*x*direction following the curved surface of the form, and the*y*direction perpendicular to that (see Figure 2.2). Its zeropoint and orientation are defined by two*focal plane fiducials*(FPFs) that are attached to the slitmask form near the focal surface. These project onto the*fiducial CCD*during direct imaging (see below) and are also visible in the TV Guide Camera, tying all these systems together. The MFCS coordinate system is used to align downstream coordinate systems such as the fiducial CCD and to derive the mapping from DEIMOS' front image surface to the camera focal plane. There is a slight dependence on spectrograph*temperature*, so the MFCS is defined at DEIMOS nominal operating temperature). **Slitmask Coordinate System, SMCS:**-
The coordinate system tied to the physical slitmask itself.
Ideally, this system is identical to the MFCS (above), but in practice the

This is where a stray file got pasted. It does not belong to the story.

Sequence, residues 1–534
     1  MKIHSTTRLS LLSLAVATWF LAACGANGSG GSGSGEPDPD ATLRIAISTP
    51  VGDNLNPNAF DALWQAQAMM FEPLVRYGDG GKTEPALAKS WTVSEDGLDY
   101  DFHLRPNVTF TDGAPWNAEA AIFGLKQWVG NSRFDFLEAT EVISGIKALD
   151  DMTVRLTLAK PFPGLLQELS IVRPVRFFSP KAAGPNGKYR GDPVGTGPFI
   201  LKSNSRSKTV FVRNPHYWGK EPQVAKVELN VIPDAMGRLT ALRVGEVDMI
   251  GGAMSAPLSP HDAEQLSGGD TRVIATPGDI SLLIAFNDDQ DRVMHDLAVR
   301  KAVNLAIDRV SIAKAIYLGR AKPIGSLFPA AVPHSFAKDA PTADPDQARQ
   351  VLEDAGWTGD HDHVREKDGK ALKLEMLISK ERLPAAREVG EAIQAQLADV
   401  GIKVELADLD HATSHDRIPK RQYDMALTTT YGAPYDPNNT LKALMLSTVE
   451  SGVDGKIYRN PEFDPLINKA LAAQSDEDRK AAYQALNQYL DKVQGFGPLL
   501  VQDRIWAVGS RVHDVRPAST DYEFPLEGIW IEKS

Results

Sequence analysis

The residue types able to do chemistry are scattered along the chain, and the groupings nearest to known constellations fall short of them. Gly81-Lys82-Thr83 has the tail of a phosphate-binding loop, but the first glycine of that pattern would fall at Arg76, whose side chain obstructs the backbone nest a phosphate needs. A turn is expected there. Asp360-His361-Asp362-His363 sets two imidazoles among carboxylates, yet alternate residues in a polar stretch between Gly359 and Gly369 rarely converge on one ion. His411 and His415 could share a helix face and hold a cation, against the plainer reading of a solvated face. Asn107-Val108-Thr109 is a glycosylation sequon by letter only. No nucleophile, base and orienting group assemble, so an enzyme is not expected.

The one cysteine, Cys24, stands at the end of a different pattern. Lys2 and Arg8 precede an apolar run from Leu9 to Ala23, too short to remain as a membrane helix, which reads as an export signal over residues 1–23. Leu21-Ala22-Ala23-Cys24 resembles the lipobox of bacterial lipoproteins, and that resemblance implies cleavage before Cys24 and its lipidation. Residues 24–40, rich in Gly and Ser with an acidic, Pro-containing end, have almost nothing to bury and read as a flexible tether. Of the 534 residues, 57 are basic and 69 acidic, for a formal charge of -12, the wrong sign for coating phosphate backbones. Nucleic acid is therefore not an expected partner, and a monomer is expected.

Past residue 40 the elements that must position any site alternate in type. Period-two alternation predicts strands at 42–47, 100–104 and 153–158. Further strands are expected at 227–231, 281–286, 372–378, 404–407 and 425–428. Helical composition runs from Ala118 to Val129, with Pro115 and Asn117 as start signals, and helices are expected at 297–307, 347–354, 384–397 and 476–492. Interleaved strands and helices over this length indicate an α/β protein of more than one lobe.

two may differ by small translations and rotations owing to slitmask
insertion errors (typically m). For most purposes,
these two systems can be considered identical and will
be referred to as MF/SMCS (Figure 2.2).
The SMCS is a rectilinear
*x*,*y*system defined on the flat slitmask stock. Its fiducials are the edges of the mask that rest against mounting stops on the mill and on the slitmask form. There is a dependency on slitmask*temperature*, so the SMCS is defined for the nominal operating temperature. The mapping RSCS MF/SMCS is determined to first order by the known mapping of the refracted sky onto the telescope Nasmyth focal plane, and thence by projection of the focal plane onto the tilted cylindrical slitmask. This first-order mapping is tuned by observations of astrometric standard star fields through*astrometric masks*.

**Figure 2.2:**Mask Form / Slitmask Coordinate System, (MF/SMCS)

**Image Coordinate System, ICS:**-
This system lies in the focal plane of the spectrograph